Subtitled: “A manual for the use of Watchmakers, jewelers and Other Metal Engravers”. This 182 page book, published in 1898, covers letter engraving in exhaustive and thorough detail. If you are learning engraving this is another essential for your library. Every goldsmith, too, should consider it for your collection.
The book is intended as a self study course in letter engraving. It begins with graver preparation instructions and basic polishing and finishing tools for it. The author makes a case for an unpolished but sharpened graver leaving textured cuts that can be used in design terms.
Information on design and layout is addressed, using dilute china white to thin coat the surface for layout (or wiping your index finger through your hair and then patting the resultant oil onto the metal surface). Practice plates and designs for practicing and learning are illustrated. The ‘line of beauty’ is described and its core use in lettering explained: it is used in 20 out of 26 script letters. Also addressed are the principles of the ‘capital stem and body stroke’; The author describes a turntable of his own design to allow finished silver vessels as well as flat plates to be engraved. A precursor of the engravers ball used today. This tool reduces scratches on the object during engraving.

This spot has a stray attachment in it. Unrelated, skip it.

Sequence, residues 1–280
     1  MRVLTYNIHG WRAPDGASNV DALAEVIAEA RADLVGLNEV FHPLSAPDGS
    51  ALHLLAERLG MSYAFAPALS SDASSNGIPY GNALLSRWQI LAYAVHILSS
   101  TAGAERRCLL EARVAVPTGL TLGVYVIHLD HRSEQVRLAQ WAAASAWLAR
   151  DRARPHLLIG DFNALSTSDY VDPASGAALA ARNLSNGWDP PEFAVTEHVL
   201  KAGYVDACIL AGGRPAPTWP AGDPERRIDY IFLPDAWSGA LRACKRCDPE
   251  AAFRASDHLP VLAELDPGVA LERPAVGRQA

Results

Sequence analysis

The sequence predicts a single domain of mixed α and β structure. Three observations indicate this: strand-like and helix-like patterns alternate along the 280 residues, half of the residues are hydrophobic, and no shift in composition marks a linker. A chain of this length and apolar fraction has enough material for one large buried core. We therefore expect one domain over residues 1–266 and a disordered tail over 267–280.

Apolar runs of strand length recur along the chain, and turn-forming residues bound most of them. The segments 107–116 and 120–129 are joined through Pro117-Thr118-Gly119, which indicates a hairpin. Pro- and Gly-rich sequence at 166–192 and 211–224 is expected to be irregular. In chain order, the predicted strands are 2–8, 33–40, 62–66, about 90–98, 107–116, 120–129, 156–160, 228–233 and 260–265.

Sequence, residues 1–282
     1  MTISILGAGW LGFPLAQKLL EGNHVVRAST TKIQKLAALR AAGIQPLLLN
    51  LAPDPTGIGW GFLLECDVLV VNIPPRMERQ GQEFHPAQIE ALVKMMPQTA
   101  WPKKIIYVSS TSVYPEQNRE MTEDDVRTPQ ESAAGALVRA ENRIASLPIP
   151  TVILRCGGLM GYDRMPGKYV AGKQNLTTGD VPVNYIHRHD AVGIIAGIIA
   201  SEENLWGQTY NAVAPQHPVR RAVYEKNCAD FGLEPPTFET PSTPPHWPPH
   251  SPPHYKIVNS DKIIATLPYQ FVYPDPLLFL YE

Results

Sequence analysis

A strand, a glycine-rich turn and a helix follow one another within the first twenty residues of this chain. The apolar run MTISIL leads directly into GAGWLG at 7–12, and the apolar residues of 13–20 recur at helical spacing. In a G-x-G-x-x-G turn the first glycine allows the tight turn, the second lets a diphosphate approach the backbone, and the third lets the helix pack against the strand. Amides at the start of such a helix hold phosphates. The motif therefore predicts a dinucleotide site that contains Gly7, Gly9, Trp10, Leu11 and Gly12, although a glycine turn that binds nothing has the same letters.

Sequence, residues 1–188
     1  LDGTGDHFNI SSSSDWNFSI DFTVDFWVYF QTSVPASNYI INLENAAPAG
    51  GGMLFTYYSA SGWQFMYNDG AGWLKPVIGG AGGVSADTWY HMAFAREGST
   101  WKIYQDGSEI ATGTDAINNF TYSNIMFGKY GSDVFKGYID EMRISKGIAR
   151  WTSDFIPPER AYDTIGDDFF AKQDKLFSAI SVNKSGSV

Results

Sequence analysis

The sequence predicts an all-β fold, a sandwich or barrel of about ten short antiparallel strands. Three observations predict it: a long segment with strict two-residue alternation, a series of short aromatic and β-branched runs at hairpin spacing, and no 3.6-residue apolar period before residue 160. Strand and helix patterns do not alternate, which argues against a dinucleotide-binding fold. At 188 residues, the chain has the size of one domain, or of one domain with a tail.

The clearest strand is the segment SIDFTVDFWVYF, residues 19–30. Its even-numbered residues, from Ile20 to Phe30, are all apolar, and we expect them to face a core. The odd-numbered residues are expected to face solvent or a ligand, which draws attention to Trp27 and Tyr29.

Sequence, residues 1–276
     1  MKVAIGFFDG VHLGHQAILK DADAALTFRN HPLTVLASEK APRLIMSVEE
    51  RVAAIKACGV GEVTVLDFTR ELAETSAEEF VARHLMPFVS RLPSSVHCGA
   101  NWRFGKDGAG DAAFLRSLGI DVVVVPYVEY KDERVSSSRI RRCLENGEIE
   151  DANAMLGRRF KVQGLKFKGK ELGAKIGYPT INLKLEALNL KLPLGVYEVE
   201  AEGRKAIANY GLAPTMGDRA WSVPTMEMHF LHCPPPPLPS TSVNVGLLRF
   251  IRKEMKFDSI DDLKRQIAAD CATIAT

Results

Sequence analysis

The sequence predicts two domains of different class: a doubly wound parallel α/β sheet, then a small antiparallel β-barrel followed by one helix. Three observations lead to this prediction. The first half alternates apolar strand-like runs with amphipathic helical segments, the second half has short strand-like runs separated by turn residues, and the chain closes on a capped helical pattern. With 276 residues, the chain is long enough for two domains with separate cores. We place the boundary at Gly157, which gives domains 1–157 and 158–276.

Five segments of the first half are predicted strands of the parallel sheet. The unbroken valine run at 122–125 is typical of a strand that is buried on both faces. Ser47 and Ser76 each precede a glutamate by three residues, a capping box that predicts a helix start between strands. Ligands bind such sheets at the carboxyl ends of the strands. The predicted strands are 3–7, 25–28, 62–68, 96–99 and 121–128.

Then the engraving of each letter in turn is dealt with in great depth, with many small comments and tips about holding, planning and carrying out the engraving. Each is given comprehensive step by step sequences of which cut to make in what order, how to do it and why. The making of an angle guide tool is described.
Monograms and their layout principles in varied spaces and their special engraving tools are shown, as are engraving balls. Block, Roman, Old English, German, Gothic, Ciphers, shaded letters, bright cut, flourishes. Ribbon work, and other kinds of lettering are covered. Patinas are described as well, darkening silver to obtain contrast with the lettering.
This book is an essential for anyone interested in engraving metals, whether for jewelry or printmaking.